life of Lee on the circumstantial
evidence as presented by the state
during the day- and half of testi
mony. . -v ; '
"I would be ashamed," Sawyer
said, "to ask 12 men and women
to take this man's life from mem-.
See LEE, page 7)
A f
w
omn s
23: Cases
Cou
il i
DR. I. G. GREER
Student Party Sophomore class
es will meet in vjeriaiu utu ai . .
o'clock for a talk by Roy Holsten, the Thursday meeting. Bob Bar
Assistant Dean of Students! .They low will be the nominee for pres-
also will view the technicolor Udent; Henry Isaacson, vice-pres-
movie of campus life, "In the ident; Slade Crumpton, secretary ;
Mom nf Freedom." Gordon U orester, treasurer and
Wednesday afternoon will be a Ltevid Young, social chairman.
wnrk detail or study hall and an- aiiy Bet s Cunningham was
nr- vrViane suDner at 6 p.m. chosen to represent the SP in the
Student Council.
Legislators for ; the ; two men's
districts also "we're nominated. In
Dorm Men's II Bill Acker, Wade
Matthews, Max Ballinger, Jim
At 9 o'clock that night, the pledg
es-will be the "guests of the Caro
lina Theater for "Model and the
Marriage Broker," starring Jean
ne" Crain. ...
After an afternoon work de
tail, Greek Week will end Thurs- Finch Jim Rollins, and Bob Jack-
day night with a Lenoir hall barw who was chosen for a six
Efh month term of .office, filled the
the Business Foundation of North sheet for that area.
Crolma. Trophies lor neia i aay , ; possible : SP Town Mens I
andstunt night wiU be awaraea wui-be:Wilbur;Boicef
: . . L.-.'ii L-ilIwr' Mrrinn iTiuie. :-t .Trtm : Johnston.
r Sc? GREEKS mat 6v " I Jack Phillip3, and George Strong
Of twenty three cases tried by
the Women's Honor Council last
quarter only -three involved of-
fenses of the Honor Code, with
the remainder being for violation
of the numerous coed laws, such
as returning to the dorm late or
failing to sign out.
This was apparent "yesterday in
he quarterly report of council
chairman Joyce Evans.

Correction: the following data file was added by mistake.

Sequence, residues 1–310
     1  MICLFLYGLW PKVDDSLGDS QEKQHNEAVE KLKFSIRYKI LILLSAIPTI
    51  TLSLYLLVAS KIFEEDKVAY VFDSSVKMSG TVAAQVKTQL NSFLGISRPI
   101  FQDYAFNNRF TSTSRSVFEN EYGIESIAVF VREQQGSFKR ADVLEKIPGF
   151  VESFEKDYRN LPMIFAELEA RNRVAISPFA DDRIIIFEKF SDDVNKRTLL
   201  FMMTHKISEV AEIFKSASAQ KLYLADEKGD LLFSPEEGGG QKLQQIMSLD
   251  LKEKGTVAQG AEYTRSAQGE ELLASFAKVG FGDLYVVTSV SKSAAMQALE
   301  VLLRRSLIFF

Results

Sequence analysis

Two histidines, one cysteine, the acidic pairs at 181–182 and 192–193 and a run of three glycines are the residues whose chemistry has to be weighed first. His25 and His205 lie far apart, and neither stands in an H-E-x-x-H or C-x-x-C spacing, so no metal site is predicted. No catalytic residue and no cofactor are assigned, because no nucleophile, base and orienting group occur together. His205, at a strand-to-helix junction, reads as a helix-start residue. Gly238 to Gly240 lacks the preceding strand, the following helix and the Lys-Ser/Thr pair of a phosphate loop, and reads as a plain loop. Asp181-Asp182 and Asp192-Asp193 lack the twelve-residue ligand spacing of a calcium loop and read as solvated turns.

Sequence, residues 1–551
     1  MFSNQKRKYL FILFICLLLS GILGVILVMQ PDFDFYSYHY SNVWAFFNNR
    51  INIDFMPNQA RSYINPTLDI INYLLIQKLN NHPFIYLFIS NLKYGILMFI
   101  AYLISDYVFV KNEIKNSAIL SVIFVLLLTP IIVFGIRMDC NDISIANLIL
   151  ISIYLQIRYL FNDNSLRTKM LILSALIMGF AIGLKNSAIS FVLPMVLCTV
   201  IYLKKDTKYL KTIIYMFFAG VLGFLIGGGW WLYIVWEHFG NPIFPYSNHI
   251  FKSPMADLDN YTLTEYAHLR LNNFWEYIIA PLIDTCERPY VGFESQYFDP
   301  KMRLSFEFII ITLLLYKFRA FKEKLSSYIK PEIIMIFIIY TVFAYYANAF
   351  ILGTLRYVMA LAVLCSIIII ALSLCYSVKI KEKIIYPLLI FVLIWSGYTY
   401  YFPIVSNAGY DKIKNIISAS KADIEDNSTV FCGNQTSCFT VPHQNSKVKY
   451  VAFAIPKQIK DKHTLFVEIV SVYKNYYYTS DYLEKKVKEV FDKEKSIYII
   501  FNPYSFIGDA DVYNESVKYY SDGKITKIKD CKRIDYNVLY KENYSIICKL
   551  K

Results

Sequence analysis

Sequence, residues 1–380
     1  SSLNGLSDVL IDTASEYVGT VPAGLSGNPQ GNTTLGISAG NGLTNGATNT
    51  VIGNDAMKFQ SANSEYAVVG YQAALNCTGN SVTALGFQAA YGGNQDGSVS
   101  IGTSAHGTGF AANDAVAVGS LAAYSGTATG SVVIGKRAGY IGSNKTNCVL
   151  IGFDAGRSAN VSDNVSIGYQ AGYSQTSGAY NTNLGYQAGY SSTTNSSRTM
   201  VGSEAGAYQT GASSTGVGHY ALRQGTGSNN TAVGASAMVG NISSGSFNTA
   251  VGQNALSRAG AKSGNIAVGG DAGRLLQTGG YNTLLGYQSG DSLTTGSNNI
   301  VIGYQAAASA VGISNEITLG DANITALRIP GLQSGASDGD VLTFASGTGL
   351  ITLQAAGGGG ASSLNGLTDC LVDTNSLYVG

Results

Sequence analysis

Of the three honor code cases
two were dismissed for lack of
evidence and the other was ex
onerated.
In other offenses, - three girls
were put on- social probation for
failing to sign out of the dorm
when , leaving for the holidays.
Another girl-returned a day later
than she had signed, out for and
was also placed on social proba
tion. She had failed to advise her
house manager that she would be
delayed. ; , . ; , .
Two ! girls were found not
guilty of violation in returning
a t day", late, after advising ' their
house manager
Another-: girl, . returning from
her , vacation, : received a , week's
social "probation after she arrived
in Chapel Hill at 4 'a.mr. and spent
the night at the Carolina Inn. -
A nursing school coed was
campused for one night for going
to an unauthorized eating place,
outside! 'thV-ity-j limits. i -
f ; , ', n j i j i M ; s , i j j i ' .: -.
. maeiimie. social prooauon , was
ncii n ears'
"or Quarter
Chapel Hill and had remained
out past closing hours. The pro
bation was removed on March 7,
Due to conditions beyond her
control another coed spent an un-'
authorized night awav from
Chapel Hill. She was found not
guilty of violation.
Five days of social probation
were given to another coed: for
her sixth House Council offense.
men s council
Secretary Frank Daniels yes
terday, announced decisions in
five cases involving eight stu
dents tried Thursday night by
the Men's Honor Council.
One boy was removed from
probation and another reinstat
ed and placed on indefinite pro
bation. Four were suspended
for violations of the . Honor
Code while two more were
cleared of Honor Code; charges.
Two of the : boys suspended
-turned themselves in for cheat
ing on a: quiz. .The other two
were turned in by four class
mates for giving as well as re
ceiving aid ona quiz. . -:
One of the two .exonerated
was freed on the ' grounds - s
given, id :a;gijJjYflip ;spent an un-) did not know hU pipsr. XTttb
auntQrizea nigui - away xrom, mg copiscu c- tc:ij z z